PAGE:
Hugo Grotius (1583–1645)

Peter Haggenmacher

in The Oxford Handbook of the History of International Law

Published in print November 2012 | ISBN: 9780199599752
Published online December 2012 | | DOI:

Series: Oxford Handbooks in Law

Hugo Grotius (1583–1645)


Hugo Grotius is nowadays essentially remembered as a jurist, more particularly in legal and political philosophy, and, above all, in international law. In his own century, he enjoyed a much wider fame as an outstanding citizen of the Republic of Letters. This chapter suggests that his life can be divided into three periods: his youth as a precocious classicist, lawyer, and rising politician in his native Holland until his life imprisonment (1583–1618); his exile, first in Paris (1621–1631) and later, after an unsuccessful attempt to regain his country, in Hamburg (1632–1634); and finally, his embassy in the service of Sweden at the French court (1635–1645). The work on which Grotius’s posthumous reputation is mainly founded was entitled De iure belli ac pacis (On the Law of War and Peace). It earned him the long-standing title of ‘father of international law’.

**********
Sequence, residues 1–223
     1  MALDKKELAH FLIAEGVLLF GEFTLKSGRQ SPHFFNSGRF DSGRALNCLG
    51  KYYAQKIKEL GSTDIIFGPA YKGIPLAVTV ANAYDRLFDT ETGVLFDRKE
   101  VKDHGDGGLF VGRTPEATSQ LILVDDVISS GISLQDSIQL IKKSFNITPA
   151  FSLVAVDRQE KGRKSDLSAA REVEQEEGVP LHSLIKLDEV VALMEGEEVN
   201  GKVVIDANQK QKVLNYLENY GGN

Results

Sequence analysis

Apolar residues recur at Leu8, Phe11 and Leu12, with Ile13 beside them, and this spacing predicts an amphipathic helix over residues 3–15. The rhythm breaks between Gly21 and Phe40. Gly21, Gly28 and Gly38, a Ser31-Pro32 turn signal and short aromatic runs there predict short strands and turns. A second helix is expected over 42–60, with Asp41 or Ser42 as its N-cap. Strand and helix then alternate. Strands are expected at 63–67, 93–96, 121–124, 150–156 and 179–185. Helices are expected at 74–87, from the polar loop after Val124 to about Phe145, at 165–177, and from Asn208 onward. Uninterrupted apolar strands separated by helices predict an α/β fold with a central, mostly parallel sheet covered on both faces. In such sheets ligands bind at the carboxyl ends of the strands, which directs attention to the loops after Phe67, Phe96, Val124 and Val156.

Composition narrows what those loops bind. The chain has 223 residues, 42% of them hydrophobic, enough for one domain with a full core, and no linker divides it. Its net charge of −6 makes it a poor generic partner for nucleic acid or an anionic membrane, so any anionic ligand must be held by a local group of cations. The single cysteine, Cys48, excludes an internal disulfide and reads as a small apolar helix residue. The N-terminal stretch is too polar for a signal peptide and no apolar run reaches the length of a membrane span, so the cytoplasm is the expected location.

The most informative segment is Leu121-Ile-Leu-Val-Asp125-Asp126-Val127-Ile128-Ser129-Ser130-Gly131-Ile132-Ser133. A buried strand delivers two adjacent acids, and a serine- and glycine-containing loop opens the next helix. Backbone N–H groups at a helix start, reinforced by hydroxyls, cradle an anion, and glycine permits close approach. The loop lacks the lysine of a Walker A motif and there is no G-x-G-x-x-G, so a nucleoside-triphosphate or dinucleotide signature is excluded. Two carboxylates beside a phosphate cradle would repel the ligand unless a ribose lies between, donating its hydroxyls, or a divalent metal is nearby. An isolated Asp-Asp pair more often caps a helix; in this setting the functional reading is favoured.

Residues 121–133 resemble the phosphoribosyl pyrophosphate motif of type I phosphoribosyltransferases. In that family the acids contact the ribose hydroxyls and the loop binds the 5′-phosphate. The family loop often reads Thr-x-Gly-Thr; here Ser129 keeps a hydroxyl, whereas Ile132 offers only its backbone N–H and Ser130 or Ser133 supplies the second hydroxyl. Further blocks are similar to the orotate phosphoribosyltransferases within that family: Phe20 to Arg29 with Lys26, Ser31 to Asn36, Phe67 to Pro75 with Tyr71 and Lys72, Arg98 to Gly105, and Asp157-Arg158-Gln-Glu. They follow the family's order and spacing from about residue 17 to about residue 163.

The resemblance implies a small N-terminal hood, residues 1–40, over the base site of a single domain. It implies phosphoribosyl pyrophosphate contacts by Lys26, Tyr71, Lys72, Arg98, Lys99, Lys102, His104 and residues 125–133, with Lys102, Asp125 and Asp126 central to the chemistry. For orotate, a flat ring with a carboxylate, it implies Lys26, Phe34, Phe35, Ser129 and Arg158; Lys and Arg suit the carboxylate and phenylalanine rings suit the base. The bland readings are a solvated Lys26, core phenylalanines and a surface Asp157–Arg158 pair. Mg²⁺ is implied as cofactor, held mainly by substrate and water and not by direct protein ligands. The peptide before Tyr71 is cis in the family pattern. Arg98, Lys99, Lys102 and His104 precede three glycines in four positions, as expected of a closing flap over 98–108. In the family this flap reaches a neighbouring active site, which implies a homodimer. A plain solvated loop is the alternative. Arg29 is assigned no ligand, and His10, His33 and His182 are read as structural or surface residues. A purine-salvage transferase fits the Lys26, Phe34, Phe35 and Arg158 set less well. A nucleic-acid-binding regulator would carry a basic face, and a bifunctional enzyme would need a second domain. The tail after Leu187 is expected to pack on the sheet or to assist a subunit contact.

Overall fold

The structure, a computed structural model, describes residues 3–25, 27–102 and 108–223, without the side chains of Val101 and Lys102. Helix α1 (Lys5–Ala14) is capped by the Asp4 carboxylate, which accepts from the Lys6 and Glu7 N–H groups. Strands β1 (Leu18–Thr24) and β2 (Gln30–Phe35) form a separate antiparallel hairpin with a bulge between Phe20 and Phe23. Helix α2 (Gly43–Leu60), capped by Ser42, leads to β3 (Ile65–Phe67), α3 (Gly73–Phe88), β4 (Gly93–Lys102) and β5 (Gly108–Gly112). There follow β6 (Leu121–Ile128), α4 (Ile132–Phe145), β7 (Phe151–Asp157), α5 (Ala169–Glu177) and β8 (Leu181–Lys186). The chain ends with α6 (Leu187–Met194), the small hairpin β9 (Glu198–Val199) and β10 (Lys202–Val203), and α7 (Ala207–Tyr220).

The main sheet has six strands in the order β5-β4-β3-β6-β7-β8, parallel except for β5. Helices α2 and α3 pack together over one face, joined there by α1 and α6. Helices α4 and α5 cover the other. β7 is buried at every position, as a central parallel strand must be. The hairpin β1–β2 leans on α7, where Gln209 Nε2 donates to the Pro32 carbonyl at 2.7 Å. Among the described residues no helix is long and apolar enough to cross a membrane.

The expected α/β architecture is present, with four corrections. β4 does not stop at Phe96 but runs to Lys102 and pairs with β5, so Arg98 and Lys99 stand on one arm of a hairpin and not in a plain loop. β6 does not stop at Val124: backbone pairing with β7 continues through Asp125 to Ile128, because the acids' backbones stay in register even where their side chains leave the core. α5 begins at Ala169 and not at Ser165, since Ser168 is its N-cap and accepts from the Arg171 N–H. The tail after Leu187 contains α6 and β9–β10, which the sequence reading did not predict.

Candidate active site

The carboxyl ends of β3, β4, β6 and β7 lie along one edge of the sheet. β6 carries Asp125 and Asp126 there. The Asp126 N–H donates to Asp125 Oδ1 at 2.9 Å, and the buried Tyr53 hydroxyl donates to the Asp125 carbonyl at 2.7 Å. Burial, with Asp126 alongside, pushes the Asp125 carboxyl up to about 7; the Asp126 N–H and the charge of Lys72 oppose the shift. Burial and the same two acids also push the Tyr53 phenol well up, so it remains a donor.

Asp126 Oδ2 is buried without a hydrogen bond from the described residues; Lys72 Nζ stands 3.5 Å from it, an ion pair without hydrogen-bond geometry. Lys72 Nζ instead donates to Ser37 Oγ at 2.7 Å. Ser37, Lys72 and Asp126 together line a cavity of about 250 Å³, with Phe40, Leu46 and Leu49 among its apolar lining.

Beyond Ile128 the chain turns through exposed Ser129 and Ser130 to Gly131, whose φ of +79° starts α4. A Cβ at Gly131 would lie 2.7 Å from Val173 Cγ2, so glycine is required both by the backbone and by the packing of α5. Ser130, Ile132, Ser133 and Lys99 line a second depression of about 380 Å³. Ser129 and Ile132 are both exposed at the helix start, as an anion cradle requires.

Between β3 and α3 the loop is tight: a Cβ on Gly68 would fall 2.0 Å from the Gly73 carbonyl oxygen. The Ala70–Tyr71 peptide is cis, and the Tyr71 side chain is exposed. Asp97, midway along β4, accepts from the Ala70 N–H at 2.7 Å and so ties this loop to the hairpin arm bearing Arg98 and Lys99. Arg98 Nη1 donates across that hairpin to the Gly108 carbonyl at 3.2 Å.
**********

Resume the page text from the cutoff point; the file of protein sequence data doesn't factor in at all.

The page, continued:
Keywords: international law; Republic of Letters; Grotius; French court

Article.  1597 words. 

Subjects: Law ; History of Law ; International Law

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